A school affiliated with Columbia University trains future teachers in feminist, neo-Marxist and other social justice-oriented theories, according to its 2017 course catalog.
The Teachers College at Columbia offers a variety of courses and programs which teach graduate students to incorporate social justice principles into their future students’ coursework. C&T (Curriculum & Teaching) 6517 Contemporary Curriculum Studies examines “a range of theoretical stances, including neo-Marxist, feminist, post-structuralist, postfoundational, critical race theory, and queer scholarship.”
“One topic that will be pursued in depth is the relationship between curricular knowledges (formal and informal) and student subjectivities/identities” reads another part of the description, a reference to identity politics.
Meanwhile, doctoral students specializing in diversity and equity in education must take C&T 6523 Advanced Seminar in Diversity and Equity. The course will examine concepts like “diversity,” “inclusion,” and “multiculturalism” and will learn to “question, reframe, and interrupt dominant ideologies of schooling.”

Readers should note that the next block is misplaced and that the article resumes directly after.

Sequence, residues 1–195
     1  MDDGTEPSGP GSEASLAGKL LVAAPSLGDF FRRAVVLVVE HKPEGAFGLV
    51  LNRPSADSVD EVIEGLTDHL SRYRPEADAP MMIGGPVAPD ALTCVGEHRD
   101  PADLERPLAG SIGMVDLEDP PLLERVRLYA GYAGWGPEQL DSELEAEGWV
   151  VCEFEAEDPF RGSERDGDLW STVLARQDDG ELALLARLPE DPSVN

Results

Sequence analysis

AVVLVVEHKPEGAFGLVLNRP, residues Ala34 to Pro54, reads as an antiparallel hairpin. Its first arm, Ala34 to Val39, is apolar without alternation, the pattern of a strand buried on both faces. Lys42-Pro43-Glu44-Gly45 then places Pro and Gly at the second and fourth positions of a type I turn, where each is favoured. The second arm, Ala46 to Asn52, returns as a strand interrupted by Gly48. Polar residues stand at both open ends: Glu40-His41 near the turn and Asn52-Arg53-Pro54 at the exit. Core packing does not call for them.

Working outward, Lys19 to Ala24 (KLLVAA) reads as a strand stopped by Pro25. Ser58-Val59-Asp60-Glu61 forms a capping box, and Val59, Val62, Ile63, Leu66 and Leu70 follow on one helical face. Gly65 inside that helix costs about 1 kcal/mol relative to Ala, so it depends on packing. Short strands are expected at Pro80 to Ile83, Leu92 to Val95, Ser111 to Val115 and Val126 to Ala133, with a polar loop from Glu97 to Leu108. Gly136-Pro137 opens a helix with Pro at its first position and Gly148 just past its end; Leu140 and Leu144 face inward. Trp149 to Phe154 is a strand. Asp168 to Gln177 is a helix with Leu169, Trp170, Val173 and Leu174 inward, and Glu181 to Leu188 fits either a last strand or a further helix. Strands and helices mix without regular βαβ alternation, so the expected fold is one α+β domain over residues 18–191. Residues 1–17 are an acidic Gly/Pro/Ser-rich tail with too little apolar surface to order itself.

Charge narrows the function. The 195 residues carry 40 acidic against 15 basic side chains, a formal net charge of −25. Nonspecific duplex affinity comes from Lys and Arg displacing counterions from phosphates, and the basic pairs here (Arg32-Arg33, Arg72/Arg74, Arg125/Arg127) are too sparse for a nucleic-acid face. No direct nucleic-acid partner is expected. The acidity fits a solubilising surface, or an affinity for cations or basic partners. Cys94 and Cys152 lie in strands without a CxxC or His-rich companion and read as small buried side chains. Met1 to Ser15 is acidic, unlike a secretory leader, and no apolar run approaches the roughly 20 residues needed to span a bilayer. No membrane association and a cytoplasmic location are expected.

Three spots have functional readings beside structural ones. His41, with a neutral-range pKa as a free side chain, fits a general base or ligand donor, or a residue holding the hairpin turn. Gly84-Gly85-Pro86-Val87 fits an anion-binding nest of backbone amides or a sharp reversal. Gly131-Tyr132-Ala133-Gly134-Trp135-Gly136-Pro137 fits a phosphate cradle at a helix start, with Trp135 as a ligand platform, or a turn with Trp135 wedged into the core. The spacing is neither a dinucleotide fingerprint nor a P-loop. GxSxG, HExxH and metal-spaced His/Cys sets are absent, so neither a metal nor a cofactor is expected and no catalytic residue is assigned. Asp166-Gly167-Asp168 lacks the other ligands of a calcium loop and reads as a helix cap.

“This will entail troubling ideas about whose knowledge counts, and learning from legacies of community struggles for educational equity,” insists the description.
Other courses explore how “ableism” functions in schools, how disability, race and gender interact with “the construct of giftedness,” and how “gender-sensitive curricula” operates in the classroom. Aside from the aforementioned perspectives, students also examine issues from postcolonial, transnational lines of thought.
“Our stance is that there is no single truth in education,” claims the former program.
“We require individuals who understand the limitations of fixed formulas and who enjoy reaching out into the unpredictable world created by the diversity and the uniqueness of each child and each group of children.”
“We necessarily interrogate and work to actively challenge the many sociocultural, institutional, bureaucratic, and interpersonal ways in which children and their families experience marginalization and exclusion (e.g., on the basis of race, ethnicity, social class, dis/ability, gender, nationality, sexuality, language, religious [non] affiliation, etc.),” reads the description for the secondary program.
“We simultaneously inquire into how such resistance can be translated into meaningful engagement with existing systems and schooling practices in order to effect change.”